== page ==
Bryant is no stranger to big ideas or the intricacies of trademark law.
As a seventh grader, Bryant developed a basketball game that could be played on paper. It became the hit of the school. Several years later, when he became part owner of a printing company, Bryant tried to turn the idea into a product that could be sold inside high school students' notebooks -- that way the teachers would hate them and they would be assured of popularity.
At the age of 21, Bryant began looking for a partner to sell what he called Notebook Games and contacted school-supply company Mead. Six months later, Tyco was selling the idea. According to Bryant, his mistake was registering the phrase as a trade name and not a trademark. Needless to say, his first million-dollar idea was gone.
A few years later, he was stopped for speeding. The police officer -- Bryant still remembers the name and clearly bears resentment -- was rude. When Bryant tried to protest the treatment in court, the judge refused to listen. Bryant thought there was a better way to handle the situation.
So after a little research, he published a book, "Arrest Me Not," and began marketing it over the Web. This is when he began using the phrase "As Seen On The Internet" and his latest ordeal began. Executives at the Oprah Winfrey show found Bryant through the Web site and he appeared on her program.
At the time, he was working in an art gallery. While on a buying trip in Greece with the gallery owner, the two made a bet -- Bryant putting up the rights to his book, and the owner, her store. Bryant lost, and when they returned to the States, he transferred the book rights to his boss.
He still retains rights to the cassette and Web site.
Bryant doesn't plan on stopping with just the trademark. He says he will also soon own AsSeenOnTheInternet.com.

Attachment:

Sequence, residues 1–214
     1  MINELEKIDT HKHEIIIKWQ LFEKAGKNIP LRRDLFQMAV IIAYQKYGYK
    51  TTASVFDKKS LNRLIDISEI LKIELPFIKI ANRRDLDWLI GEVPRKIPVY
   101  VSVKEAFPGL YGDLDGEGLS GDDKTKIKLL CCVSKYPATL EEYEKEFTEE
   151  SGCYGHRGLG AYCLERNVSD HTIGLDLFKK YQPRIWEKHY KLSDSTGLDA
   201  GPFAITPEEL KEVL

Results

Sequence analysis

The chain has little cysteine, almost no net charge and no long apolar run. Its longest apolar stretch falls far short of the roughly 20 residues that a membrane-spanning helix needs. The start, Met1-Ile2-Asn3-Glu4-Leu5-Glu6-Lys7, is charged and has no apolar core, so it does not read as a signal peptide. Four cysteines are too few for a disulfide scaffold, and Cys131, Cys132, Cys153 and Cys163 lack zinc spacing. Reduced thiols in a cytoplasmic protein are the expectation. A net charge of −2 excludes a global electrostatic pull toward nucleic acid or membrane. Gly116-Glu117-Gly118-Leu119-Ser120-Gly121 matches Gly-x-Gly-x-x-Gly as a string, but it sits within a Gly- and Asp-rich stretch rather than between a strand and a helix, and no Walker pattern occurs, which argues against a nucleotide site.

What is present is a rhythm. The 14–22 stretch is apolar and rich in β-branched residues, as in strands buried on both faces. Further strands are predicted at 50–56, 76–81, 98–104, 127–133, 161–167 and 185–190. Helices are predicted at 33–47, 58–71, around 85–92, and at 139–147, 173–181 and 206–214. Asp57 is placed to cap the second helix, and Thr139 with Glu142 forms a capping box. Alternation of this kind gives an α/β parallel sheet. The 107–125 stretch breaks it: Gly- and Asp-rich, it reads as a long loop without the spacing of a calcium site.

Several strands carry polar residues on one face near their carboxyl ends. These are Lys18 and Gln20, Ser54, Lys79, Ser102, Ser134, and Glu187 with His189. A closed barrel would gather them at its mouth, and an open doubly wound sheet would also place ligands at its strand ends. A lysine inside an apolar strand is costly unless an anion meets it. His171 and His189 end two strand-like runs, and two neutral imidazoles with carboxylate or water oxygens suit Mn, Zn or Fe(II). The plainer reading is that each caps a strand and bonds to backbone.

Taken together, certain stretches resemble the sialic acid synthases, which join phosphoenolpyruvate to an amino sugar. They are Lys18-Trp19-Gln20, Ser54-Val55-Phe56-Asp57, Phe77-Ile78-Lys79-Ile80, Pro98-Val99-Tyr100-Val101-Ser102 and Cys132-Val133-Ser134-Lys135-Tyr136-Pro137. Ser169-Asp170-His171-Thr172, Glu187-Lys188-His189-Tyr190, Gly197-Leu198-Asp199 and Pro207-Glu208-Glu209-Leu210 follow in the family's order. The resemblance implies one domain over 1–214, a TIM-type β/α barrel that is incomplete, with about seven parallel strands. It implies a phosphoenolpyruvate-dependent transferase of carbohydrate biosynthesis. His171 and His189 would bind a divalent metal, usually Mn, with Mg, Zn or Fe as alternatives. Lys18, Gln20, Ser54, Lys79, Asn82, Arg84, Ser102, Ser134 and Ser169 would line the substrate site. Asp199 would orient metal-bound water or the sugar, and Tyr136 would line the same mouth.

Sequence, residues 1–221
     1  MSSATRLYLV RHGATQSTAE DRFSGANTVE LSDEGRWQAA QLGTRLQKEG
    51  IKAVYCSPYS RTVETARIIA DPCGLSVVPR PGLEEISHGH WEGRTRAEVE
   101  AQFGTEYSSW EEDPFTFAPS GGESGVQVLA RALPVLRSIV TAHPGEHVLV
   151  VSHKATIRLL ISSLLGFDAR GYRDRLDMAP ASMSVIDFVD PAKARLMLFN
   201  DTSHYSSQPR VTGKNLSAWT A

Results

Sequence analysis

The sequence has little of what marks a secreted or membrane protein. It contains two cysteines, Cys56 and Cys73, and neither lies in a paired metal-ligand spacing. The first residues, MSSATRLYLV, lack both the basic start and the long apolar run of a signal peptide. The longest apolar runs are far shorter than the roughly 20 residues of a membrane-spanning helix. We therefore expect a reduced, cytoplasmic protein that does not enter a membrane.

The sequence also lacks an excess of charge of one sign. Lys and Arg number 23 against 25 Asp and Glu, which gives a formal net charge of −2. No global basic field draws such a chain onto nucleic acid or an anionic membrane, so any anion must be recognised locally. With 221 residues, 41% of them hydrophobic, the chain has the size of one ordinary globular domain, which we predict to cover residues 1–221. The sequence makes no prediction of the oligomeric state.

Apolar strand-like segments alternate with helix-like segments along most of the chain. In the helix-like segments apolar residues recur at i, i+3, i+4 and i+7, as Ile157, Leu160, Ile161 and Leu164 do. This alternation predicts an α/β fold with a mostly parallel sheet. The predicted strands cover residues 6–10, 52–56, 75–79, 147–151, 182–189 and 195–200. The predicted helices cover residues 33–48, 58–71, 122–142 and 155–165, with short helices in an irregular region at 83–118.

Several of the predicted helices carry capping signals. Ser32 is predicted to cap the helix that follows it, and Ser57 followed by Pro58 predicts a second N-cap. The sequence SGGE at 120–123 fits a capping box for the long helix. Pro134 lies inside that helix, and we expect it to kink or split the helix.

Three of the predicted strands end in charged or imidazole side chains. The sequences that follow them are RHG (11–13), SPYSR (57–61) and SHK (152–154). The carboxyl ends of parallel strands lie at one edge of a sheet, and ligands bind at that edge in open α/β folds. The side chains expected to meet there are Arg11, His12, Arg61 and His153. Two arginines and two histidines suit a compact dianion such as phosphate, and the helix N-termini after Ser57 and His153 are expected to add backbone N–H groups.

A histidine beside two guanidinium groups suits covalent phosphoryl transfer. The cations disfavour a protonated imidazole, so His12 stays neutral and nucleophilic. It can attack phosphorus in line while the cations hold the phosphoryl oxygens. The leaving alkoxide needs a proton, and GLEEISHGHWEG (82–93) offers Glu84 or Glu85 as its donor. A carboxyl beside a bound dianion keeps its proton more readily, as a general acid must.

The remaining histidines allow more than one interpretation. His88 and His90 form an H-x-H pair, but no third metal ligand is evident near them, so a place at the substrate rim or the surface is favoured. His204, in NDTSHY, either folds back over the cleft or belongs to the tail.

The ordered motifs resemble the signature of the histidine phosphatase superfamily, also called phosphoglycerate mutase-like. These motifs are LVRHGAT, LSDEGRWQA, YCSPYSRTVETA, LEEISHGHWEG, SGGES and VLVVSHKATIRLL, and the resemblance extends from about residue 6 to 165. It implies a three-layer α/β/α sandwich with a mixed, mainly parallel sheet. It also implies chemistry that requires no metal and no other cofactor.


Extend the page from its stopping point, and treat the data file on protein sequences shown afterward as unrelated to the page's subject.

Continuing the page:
"The reason that I got the trademark was to promote Web sites that are online," Bryant says. "I have a cybersquatter that is cybersquatting the name AsSeenOnTheInternet.com."
He has sent a cease-and-desist order to the man who registered the domain name and tried to sell it for $4 million. And he plans to go after the many people who have registered variations of the phrase. There are more than 30.
"Eventually, what I'm going to do with all of the rest of those domain names is I'm going to sue all these people and have the domain names cancelled. And the only ones that will stay valid are AsSeeOnTheInternet.com, net and org."
So what does Bryant plan to do with his expected millions?
Pay off some debts. Provide for his wife and her five children. Buy a Ferrari and a vacation home. And, donate most of the money to charity. Never one to rest, Bryant also has plans for a building in the Flats.
"That was one of the things I wanted to do in life," he says. "I wanted to sign this huge professional contract for some massive amount of money, the way that Jordan did, the way that Magic Johnson did."
But as he gets older, Bryant realizes playing in the NBA isn't going to happen. He'll settle for courtside season tickets.
And though he may not be signing a contract for millions of dollars, in a few weeks he may be able to live like he has. How to reach: Eric H. Bryant, (216) 556-3144
Daniel G. Jacobs (firstname.lastname@example.org) is senior editor of SBN.